The new Covid rules: what you can do – and what you can't

There is one simple answer: wherever you live, reduce your social contacts now

Children need to know that they have to keep their distance from people outside their immediate family. Photograph: Stephen Collins/Collins Photos

Children need to know that they have to keep their distance from people outside their immediate family. Photograph: Stephen Collins/Collins Photos

 

I’m bamboozled by the current Covid rules. How do I explain them to children? 

The Government’s National Framework for living with Covid-19 is really just a chart outlining the maximum number of people that can gather together reasonably safely in different settings depending on the spread of the virus. All children need to know is that they have to keep their distance from people outside their immediate family and the children in their pod in school. “You can still hug and show affection to your children but don’t hug the neighbour’s children,” says Prof Sam McConkey, head of the Department of International Health and Tropical Medicine at the Royal College of Surgeons in Ireland. Remind children that the best way to keep the virus at bay is to wash their hands regularly, sneeze/cough into their elbow and avoid touching their face.

Some parents are all on for “play dates”. Others don’t return my calls. Who’s right? Are there circumstances in which they can go ahead? 

Current research points to children being at low risk of catching and spreading Covid-19, which is why schools re-opened. However, to avoid vulnerable family members catching the virus – or indeed catching the flu virus, which children spread much more easily– it’s best to ask children to play with the children that are in their pods at school. “It’s not about following the Government rules in a slavish, authoritarian way. It’s about keeping family, friends and grandparents safe, so children should play with the same friends that are in their school bubble and play outside if possible,” says McConkey.

Elderly relatives are pretty cheesed off at this point. How can I get them to understand and follow the current protocols? 

McConkey says that older people are the group which is taking this pandemic the most seriously. “Older people are very aware of Covid-19. Almost every older person knows someone who has died from this. Now that local area data is available for the virus, I would like to see people in local government offices, parishes, sports clubs take leadership on this so that people understand more clearly the risk in their areas. So, in Blanchardstown at the moment, older people should stay at home but there are several parts of the country with zero cases where older people could be guided to do things differently.”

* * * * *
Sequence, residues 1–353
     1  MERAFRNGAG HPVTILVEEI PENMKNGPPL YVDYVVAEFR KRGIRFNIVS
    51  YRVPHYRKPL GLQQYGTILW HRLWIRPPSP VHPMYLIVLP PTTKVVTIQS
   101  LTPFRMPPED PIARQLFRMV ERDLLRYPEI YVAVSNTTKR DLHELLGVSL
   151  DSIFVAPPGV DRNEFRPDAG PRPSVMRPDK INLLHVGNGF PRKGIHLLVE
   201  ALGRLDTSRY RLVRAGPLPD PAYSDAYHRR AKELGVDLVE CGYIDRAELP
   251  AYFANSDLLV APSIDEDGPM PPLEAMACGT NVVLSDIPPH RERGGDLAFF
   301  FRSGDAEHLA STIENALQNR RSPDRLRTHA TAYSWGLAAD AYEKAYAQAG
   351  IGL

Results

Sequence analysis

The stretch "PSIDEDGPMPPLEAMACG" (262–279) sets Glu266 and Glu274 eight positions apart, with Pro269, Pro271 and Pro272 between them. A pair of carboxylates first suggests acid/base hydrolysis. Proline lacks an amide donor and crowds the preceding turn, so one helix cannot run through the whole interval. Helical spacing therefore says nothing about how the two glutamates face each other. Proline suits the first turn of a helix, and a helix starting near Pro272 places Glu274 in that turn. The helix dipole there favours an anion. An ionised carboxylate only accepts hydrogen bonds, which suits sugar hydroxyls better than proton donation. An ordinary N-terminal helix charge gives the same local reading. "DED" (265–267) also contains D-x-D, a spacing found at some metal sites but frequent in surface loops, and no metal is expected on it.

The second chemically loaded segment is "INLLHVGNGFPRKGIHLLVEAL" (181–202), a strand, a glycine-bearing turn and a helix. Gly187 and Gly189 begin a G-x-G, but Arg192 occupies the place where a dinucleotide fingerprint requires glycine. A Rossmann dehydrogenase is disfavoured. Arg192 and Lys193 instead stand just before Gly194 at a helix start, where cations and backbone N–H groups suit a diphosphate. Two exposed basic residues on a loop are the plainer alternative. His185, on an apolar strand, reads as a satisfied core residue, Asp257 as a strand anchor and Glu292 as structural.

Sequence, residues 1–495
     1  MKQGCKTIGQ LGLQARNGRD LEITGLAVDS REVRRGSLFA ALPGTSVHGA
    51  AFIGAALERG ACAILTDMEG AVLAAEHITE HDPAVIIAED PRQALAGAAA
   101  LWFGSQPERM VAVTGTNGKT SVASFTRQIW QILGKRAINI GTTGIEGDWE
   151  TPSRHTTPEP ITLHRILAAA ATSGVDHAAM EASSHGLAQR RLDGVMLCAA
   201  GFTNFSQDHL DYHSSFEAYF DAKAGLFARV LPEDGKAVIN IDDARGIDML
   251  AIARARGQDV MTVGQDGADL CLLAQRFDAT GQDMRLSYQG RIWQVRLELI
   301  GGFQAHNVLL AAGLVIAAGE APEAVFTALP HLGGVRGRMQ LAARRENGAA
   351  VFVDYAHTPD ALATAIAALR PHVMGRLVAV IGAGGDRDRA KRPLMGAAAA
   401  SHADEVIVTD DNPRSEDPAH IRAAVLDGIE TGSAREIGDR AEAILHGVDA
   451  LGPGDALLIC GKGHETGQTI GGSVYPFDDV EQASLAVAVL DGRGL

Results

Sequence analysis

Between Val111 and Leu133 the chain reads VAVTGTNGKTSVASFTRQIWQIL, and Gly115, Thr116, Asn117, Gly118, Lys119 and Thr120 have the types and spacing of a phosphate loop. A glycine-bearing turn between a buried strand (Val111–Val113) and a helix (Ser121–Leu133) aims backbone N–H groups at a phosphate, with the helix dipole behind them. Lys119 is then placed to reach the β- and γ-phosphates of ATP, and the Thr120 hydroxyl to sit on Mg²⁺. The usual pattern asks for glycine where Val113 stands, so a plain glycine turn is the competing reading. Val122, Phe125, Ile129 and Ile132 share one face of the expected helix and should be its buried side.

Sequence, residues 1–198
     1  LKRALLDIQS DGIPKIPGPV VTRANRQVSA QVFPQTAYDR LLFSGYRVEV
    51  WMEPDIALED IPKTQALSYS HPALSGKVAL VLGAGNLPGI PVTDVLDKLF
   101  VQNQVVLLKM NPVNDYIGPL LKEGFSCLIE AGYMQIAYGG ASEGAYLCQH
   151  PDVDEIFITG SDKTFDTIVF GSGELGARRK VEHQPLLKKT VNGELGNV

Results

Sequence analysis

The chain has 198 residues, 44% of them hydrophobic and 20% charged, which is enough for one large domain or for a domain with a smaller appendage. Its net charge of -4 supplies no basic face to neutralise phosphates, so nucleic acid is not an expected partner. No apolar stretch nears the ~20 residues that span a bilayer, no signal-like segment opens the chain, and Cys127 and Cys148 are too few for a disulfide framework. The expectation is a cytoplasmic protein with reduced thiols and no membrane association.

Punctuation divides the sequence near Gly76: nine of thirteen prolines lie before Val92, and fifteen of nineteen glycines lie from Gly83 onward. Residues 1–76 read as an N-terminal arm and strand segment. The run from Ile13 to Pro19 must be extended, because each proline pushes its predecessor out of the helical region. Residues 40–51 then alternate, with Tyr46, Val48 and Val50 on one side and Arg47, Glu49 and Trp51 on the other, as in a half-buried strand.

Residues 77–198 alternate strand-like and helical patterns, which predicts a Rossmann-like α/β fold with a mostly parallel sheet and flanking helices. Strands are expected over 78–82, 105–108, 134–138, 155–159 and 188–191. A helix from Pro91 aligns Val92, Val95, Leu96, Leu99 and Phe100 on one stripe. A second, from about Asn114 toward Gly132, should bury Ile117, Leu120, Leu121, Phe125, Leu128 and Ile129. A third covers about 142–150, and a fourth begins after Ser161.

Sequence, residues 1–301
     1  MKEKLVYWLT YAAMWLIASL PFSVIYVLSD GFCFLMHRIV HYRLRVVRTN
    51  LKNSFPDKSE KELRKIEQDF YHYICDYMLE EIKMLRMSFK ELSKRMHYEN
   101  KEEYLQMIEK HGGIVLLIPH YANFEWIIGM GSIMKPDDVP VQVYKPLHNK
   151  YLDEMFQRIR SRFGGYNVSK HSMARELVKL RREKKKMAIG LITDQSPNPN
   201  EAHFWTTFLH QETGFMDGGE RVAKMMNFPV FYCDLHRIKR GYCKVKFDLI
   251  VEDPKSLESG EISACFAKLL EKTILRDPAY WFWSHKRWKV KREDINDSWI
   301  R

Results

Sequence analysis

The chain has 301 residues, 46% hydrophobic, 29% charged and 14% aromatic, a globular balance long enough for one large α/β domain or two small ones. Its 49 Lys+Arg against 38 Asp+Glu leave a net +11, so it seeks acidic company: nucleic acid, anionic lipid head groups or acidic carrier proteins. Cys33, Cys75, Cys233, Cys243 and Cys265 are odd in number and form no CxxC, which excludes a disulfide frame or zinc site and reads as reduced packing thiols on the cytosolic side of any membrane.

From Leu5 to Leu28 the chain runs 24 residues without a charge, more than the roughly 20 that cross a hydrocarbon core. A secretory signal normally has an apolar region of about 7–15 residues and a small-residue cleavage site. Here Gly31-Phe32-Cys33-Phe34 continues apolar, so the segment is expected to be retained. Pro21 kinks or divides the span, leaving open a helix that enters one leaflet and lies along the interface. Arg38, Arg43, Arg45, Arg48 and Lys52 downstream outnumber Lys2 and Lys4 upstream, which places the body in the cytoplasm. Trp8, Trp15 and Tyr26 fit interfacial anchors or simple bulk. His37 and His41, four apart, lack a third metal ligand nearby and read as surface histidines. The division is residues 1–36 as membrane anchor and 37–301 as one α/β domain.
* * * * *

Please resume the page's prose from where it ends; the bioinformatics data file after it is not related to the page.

There’s a small family celebration planned for the weekend after next, involving some adult siblings and their children. I don’t mind shrinking it a bit but how big a group can I get away with? 

To abide by the Government guidelines on Covid-19, you should have a maximum of six people inside or 15 outdoors from up to three households if you live outside of Dublin. If you are living in Dublin – or any other county which moves to Level 3 restrictions – you can have up to six visitors from another household inside or outside your home. 

The National Public Health Emergency Team (NPHET) has pointed out that household gatherings have been one of the main ways that the novel coronavirus has spread in August and September. Dr Ronan Glynn, the acting Chief Medical Officer has asked everyone – regardless of what county they live in – to reduce their social contacts for now, in an attempt to prevent a sharp increase in the number of people becoming seriously ill with Covid-19.

An emigrant is due for a visit to Dublin from a green-list country. What sort of procedures should he follow?

Passengers arriving from a green list country – holidaymakers, Irish citizens/residents – are no longer required to restrict their movements for 14 days after they arrive.However, the so-called green list – defined as a country that has 25 or fewer cases of Covid-19 per 100,000 – is updated weekly so it’s important to make sure the country he is arriving from is still on Ireland’s green list.

Once in Ireland, your visitor should stay two metres apart from anyone they meet and follow all the hygiene and respiratory etiquette to prevent the spread of Covid-19. Some experts have called for a red list as well as a green list so that authorities could actively follow up on individuals arriving from these countries to ensure that they stay indoors in one location for 14 days.    

A group of friends – some Dubs, some not –have a golf overnight planned for late October outside the city (round of golf, food and drinks in the hotel, home the next day). Now, one or two are getting cold feet. What can I do to reassure them that it will all be grand? 

Playing golf is one of the safest outdoor activities – if players stay two metres apart at all times – but friends often let their guard down when having a few drinks together indoors afterwards. “The problem is with the 19th hole – when people go inside to the bar and restaurant in the evening,” says McConkey. 

Of course, if you are in a part of Ireland where Level 3 restrictions are in place, you are not permitted to leave your county unless it is for work, education or other essential purposes.

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